simply not the case. Although there are promising upward trends, subscriptions for paid online media are not even comparable to the state of print newspapers in their most successful past. Although typical pricing for online subscriptions is either comparable or cheaper than their print counterparts, few seem to consider the online paywall worth crossing. Paying for online media not only delivers better content, but also supports quality journalism. Rather than consuming hysterical, often questionable news, the move to paid, quality media needs to be made for the betterment of journalists as well as consumers. Online writers would no longer need to push ethical boundaries to make a living, and consumers could at least have a sliver of faith that the content they read was pieced together to accurately convey the truth.

design by Margo Brunner


OPINION

PHONE USAGE

Do Students Need Their Phones in Class?

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s a freshman, one of the major differences I have seen this year is the increase in usage of cell phones during class time. Sometimes, I will be in a class where the teacher wants students to get off their phones and they never do. It seems like they just do not care about learning or the class. One time I was in a class and the teacher had to wait five minutes for everyone to put their phones away. Some students do not seem to have any self-control with putting their phone away and keeping it away. If students check it for five minutes and then put it away for awhile, then get it back out that doesn’t annoy me. What irritates me is when I am supposed to be doing a project or a worksheet with them and their phone is out all the time and they continuously check it. Students get mad or act like they did not do anything when they get called out for having it. I feel like they want attention and I think the teacher knows they want attention so she ignores it. When they ignore it the person with their phone out makes it known that they are on their phone then they will get called out. Other times students will have an assignment where they can use their phones and they will be on social media. I am on my phone a lot too but I don’t get in trouble for it constantly or I will be on social media for five minutes then do my work. This happens in most of my classes with the same people over and over. It needs to change for productive learning to happen.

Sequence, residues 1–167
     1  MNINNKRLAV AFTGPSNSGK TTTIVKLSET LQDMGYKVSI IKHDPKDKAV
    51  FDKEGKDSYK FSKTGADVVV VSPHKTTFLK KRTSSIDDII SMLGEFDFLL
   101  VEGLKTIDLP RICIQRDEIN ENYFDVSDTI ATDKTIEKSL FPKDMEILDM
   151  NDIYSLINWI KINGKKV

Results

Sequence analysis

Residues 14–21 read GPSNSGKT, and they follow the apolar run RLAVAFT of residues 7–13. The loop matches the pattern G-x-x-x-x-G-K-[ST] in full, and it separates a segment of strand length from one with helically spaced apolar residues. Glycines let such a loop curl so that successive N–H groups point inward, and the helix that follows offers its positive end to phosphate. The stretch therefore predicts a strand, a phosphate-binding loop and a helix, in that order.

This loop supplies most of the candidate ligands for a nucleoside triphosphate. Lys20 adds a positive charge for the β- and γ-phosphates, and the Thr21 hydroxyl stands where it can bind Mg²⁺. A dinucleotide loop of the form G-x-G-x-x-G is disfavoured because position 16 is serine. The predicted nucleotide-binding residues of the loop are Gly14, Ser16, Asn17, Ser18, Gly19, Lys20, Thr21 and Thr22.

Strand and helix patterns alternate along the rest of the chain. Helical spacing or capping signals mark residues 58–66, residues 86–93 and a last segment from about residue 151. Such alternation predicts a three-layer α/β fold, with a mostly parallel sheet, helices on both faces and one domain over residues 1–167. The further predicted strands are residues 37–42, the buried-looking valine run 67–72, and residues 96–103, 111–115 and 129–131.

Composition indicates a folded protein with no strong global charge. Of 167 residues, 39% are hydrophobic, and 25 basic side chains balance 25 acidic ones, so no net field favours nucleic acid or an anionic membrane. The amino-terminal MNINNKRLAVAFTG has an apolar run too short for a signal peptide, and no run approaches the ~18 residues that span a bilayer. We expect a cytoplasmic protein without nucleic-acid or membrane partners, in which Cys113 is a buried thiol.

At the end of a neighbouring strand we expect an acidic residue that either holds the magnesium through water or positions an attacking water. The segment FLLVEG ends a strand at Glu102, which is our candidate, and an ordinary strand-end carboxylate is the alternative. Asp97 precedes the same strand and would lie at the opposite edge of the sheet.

design by Logan Foote

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Emily Siefert

CON

? 7:45 AM

Phone

TV

iBooks

100%

Messages

Weather

Camera

Home

iTunes Store

iCow

PRO Alli Barnette

feel like any student at East has used their phone during class for a valuable reason. I mean sure, we would all rather look through Instagram than learn about Shakespeare, but that is not a use for a phone. If you’re like me, you either have a busy family group chat, you need lunch money, you forgot your weight clothes, or you are trying to help a friend through a mental break down. At times, you need to have your phone. I have to say that yes, you shouldn’t use your phone during an important lecture of some sort. But I think that it is okay to text your friends and family when it is work time. Really it’s your choice to take time out of your work for you phone, and it’s nobody else’s choice. As long as your phone is on silent and you are not taking time out of anyone else’s work, you should be more than welcomed to use your phone. It is so much easier to just grab your phone and look something up for class. Or maybe you need to finish a quick math problem and your phone is just right on your desk. Your phone can be used as a tool and even help you with your school. In conclusion, as long as your actions are not affecting someone or your grades, you should be able to use your phone in class. It really just depends if you are responsible with it, like if you put it on silent. But even then, it is your personal choice to pay attention to your phone and not your teacher. I have never been distracted by someone’s phone in class, and nor have I really cared if someone was using it. Therefore, using phones in the class is fine.